A large employer partnered with local health care providers to pilot test an intensive nurse care manager program for employees and retirees. We evaluated its impact on health care utilization and costs.
A database was developed containing 2011 to 2015 health care enrollment and claims data for 2914 patients linked to their nurse care manager data. We used a difference-in-difference design to compare health care costs and utilization of members recruited for the pilot program and a propensity-score-matched comparison group.
We found statistically significant reductions in doctors’ office visits and prescription drug costs. A return-on-investment analysis determined that the program saved $0.83 for every dollar spent over the 2-year pilot study period.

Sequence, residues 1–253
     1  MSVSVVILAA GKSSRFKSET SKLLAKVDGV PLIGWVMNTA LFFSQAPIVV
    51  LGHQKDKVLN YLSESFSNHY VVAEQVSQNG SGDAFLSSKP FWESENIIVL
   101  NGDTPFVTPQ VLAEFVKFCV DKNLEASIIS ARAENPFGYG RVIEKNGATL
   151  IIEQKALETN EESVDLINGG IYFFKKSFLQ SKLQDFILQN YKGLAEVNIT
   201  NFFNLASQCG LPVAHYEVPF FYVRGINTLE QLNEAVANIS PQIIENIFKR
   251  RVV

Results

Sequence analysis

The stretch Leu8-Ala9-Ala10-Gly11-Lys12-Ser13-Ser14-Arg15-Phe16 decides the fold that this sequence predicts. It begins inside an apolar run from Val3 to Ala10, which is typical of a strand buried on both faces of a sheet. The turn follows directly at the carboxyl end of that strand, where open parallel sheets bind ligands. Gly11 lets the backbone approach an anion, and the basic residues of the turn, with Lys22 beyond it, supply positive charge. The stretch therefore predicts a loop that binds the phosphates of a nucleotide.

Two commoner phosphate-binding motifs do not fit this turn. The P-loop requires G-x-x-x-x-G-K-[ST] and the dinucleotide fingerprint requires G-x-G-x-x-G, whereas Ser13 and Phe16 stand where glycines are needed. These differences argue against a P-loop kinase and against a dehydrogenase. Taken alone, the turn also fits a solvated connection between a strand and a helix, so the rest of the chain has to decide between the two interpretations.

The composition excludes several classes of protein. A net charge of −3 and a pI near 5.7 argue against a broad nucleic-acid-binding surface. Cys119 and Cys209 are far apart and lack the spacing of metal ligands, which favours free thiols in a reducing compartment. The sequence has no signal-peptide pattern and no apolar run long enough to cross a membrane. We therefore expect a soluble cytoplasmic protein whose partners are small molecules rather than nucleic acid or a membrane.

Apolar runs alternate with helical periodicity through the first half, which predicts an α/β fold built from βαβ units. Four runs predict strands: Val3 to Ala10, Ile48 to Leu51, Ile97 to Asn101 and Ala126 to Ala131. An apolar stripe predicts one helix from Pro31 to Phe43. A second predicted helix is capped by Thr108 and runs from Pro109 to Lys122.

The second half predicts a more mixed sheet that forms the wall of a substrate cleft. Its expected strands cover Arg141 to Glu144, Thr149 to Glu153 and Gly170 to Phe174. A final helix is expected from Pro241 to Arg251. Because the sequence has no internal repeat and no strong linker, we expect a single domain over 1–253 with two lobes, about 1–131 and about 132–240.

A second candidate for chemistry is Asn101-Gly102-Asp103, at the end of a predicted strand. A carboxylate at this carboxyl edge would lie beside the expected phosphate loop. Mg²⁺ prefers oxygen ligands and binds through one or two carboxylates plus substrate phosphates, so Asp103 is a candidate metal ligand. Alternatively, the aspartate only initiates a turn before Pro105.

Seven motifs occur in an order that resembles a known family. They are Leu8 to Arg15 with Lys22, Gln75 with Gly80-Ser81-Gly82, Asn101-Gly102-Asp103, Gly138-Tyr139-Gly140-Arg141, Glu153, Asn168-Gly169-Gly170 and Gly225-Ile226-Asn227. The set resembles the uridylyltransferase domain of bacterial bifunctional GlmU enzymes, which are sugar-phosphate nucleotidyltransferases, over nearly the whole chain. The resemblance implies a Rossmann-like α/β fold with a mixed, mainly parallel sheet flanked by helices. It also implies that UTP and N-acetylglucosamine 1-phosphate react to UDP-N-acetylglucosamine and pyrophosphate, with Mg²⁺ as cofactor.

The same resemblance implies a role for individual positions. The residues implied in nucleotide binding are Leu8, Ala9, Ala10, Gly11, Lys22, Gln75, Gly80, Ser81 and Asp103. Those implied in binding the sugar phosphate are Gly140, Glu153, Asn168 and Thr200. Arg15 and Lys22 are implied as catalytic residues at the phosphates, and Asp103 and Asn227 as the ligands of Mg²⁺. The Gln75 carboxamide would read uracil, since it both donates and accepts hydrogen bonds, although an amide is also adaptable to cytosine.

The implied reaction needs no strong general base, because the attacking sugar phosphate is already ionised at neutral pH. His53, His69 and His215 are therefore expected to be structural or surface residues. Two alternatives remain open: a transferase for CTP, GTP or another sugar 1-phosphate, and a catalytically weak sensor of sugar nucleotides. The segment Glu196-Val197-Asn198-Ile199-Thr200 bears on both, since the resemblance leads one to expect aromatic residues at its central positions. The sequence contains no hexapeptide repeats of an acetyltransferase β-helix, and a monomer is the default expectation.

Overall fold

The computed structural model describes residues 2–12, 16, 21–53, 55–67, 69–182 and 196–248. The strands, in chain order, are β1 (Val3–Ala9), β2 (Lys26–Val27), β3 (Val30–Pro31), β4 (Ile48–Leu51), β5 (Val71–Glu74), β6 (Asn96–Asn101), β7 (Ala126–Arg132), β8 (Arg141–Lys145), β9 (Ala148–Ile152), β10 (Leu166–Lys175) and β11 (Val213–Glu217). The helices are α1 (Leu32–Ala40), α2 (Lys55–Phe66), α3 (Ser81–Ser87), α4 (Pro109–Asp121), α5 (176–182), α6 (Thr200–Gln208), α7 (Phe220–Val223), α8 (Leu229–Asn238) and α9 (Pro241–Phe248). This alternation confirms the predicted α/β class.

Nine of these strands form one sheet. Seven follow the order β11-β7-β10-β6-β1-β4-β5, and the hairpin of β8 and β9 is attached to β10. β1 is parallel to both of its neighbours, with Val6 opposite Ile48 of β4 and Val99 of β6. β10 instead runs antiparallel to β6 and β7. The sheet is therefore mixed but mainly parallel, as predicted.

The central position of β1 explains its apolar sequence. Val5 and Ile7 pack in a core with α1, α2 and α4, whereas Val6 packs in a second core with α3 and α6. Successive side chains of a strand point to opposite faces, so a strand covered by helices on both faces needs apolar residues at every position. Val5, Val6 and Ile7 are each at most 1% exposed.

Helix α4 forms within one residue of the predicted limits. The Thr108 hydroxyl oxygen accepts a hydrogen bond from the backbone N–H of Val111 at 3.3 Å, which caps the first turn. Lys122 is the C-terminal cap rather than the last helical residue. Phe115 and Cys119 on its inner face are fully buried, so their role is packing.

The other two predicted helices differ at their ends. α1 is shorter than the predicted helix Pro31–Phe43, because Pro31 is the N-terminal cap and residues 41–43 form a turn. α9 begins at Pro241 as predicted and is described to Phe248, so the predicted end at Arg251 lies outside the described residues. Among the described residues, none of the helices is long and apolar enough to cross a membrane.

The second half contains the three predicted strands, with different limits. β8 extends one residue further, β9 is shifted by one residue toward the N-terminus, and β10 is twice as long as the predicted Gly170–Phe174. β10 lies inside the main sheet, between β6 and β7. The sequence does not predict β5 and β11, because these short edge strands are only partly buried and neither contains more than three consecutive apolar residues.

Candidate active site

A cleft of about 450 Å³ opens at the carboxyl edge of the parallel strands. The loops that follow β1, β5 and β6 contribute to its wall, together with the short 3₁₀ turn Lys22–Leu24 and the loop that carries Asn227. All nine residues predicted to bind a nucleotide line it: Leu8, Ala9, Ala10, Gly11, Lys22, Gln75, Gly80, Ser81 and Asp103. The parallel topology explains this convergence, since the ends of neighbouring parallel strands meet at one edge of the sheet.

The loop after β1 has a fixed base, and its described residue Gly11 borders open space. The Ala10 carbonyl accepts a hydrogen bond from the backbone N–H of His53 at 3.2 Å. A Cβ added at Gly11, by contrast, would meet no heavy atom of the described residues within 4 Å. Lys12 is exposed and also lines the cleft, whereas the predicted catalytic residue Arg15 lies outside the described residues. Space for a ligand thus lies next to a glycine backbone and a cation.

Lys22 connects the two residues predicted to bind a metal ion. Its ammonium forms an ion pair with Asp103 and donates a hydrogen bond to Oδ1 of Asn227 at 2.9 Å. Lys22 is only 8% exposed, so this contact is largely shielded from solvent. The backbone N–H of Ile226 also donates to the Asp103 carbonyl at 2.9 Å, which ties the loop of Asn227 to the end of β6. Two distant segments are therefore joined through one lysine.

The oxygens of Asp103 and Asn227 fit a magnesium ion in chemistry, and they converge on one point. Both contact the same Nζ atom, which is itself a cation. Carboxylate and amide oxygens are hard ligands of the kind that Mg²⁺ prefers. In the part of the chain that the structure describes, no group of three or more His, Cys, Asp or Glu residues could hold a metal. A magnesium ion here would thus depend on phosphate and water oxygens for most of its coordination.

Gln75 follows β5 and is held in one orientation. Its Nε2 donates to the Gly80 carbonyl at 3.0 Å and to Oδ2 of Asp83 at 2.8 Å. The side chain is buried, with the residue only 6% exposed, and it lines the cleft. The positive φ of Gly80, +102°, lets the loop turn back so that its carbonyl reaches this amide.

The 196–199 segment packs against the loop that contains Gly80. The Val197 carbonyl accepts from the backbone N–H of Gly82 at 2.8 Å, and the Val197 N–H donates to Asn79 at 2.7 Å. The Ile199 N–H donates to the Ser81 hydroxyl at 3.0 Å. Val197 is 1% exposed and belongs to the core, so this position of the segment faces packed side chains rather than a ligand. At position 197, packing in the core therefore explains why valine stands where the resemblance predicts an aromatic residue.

Employer-driven care management programs can succeed at reducing utilization, although they may not achieve cost neutrality in the short run.
IBM Watson Health, Bethesda (Dr Henke, Mr Lenhart, Dr Cutler, Dr Goetzel); Institute for Health and Productivity Studies, Johns Hopkins Bloomberg School of Public Health, Baltimore (Mr Berko, Dr Goetzel), Maryland.
Address correspondence to: Ron Z. Goetzel, PhD, Institute for Health and Productivity Studies, Johns Hopkins Bloomberg School of Public Health, Baltimore, MD; Consulting and Applied Research, Truven Health Analytics, 7700 Old Georgetown Rd., Suite 650, Bethesda, MD 20814 (email@example.com).
Funding for this study was provided by the National Institute for Health Care Reform (NIHCR).
The authors report no conflicts of interest. Ford and United Auto Workers Retiree Medical Benefits Trust are clients of IBM Watson Health.